Sometime on Monday, it occurred to me that we should get some geocaches while we were in Europe, ideally, at least one in Paris and one in Florence. However, since the thought hadn’t occurred to us until we were already there, we hadn’t brought our GPS device. But never fear, my phone has GPS and an app that can guide you to a given point.
So, finding a geocache became our goal for the last half-day in France. Monday evening, back at our apartment, we looked at the map and thought the Île de la Cité would be nice to visit and a good location to find caches. I fired up the computer and picked out three on or near the little island and plugged the coordinates into my phone.
Now, where the weather had been close to ideal on Monday, it was anything but on Tuesday morning. The temperature was a chilly 6°C or so (low 40s), and a steady rain was forecast for the whole day. Nevertheless, we were determined in our mission. After breakfast, we hopped on the Metro and, a few stops later, arrived at our destination: Notre Dame Cathedral.
The cathedral is free to visit, but in spite of the early hour, off-peak season, mid-week date and poor weather there was a long line of people queued up to see inside. We decided our time was better spent admiring the outside, so that is what we did.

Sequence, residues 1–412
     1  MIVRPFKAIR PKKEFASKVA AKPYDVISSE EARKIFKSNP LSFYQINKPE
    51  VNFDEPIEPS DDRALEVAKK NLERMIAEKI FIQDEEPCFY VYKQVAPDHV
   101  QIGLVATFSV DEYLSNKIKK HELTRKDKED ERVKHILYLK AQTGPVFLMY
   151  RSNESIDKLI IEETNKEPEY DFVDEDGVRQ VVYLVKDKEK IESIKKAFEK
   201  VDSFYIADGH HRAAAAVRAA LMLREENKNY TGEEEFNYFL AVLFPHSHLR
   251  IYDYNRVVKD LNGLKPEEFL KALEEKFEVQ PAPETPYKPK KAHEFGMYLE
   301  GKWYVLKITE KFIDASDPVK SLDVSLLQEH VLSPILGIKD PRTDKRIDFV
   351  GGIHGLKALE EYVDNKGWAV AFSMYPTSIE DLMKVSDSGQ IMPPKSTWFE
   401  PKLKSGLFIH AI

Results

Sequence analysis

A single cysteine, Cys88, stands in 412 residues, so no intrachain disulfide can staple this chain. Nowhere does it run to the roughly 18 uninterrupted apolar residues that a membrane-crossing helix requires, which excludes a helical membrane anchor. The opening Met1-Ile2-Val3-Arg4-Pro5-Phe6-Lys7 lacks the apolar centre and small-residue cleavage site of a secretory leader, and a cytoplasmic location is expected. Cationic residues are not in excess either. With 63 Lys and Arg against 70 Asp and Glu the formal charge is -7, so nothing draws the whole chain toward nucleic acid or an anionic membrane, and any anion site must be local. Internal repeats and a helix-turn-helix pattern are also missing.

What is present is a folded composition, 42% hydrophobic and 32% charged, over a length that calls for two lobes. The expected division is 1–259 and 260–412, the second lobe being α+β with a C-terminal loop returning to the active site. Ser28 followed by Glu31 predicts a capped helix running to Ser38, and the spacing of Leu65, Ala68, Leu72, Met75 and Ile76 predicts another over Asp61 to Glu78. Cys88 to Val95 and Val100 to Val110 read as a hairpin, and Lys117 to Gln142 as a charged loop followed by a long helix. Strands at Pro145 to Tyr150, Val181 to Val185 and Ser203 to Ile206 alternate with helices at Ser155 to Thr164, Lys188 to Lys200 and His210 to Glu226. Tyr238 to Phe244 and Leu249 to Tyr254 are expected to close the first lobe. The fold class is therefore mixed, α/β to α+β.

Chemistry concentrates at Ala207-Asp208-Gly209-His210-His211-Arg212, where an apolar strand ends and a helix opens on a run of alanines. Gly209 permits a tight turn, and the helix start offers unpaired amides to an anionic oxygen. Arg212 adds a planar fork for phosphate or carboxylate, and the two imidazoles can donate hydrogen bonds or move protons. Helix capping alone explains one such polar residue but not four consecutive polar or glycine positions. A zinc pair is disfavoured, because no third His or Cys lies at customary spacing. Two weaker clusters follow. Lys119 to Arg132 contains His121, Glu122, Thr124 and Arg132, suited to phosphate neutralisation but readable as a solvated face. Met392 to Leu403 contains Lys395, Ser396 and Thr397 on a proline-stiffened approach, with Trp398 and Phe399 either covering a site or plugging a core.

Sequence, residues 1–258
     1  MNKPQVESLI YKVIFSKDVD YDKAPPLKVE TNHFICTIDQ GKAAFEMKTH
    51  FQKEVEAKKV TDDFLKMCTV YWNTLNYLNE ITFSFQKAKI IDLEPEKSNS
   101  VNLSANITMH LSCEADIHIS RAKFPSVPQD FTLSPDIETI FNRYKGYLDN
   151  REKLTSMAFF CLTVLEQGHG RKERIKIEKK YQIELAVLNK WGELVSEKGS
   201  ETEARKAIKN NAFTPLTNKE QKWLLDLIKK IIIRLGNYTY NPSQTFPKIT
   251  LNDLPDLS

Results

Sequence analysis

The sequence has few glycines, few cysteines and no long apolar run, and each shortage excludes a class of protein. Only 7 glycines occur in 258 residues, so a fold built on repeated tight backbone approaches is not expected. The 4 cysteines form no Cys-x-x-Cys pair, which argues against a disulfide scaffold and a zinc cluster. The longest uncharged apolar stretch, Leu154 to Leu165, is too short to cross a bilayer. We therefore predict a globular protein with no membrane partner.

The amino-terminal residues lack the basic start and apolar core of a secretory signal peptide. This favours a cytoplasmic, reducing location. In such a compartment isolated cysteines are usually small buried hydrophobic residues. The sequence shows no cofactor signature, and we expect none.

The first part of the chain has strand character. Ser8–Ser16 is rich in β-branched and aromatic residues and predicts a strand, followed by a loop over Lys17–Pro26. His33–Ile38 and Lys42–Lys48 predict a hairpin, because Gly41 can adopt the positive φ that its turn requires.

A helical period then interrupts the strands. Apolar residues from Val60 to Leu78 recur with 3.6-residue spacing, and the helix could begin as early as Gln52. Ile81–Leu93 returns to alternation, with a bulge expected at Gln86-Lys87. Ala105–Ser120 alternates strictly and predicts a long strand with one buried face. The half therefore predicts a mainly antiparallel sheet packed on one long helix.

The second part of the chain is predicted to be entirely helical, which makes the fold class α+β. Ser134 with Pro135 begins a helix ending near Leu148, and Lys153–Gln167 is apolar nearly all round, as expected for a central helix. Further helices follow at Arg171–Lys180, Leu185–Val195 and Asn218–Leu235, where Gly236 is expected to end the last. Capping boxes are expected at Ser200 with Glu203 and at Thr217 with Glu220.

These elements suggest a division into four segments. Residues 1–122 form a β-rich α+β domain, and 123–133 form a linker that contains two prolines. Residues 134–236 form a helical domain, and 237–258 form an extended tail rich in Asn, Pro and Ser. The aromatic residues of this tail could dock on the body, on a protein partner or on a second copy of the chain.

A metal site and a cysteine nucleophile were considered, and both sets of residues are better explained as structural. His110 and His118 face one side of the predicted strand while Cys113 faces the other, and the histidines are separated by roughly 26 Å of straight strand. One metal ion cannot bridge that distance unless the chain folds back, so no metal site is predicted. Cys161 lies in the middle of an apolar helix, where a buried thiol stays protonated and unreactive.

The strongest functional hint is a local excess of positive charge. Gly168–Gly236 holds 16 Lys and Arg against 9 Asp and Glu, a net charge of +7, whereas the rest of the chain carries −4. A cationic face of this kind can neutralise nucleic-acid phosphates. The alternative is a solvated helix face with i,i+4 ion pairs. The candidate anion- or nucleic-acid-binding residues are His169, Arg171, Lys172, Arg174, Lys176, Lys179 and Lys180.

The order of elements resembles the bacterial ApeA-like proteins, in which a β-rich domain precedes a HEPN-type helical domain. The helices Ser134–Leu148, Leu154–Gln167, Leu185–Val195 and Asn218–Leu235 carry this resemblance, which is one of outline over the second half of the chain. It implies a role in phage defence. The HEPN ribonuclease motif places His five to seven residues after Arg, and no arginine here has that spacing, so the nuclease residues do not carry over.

Construction on the church began in 1163, when the Gothic style was considered high-tech. When it was “completed” in the 1300s, the style was still contemporary. Major renovations were undertaken in the 17th and 18th centuries, just in time for the revolutionaries to make some destructive changes of their own. These were repaired in the 19th century. Since then, work has focused on repairs and restorations. Oh, and I think there’s a hunchback living around there somewhere. For much more detail about the cathedral and its history (in English), see here.
Having decided not to stand outside in the rain, we began to seek our geocaches—in other words, walk about in the rain. We were unable to locate the first one (the phone GPS and/or my app isn’t very precise), but it did lead us to a novel and unexpected phenomenon which I will describe in the next post. The second cache we found easily (mostly by description), and the third we abandoned in favor of a wonderful quiche and salad in a little café by the Seine.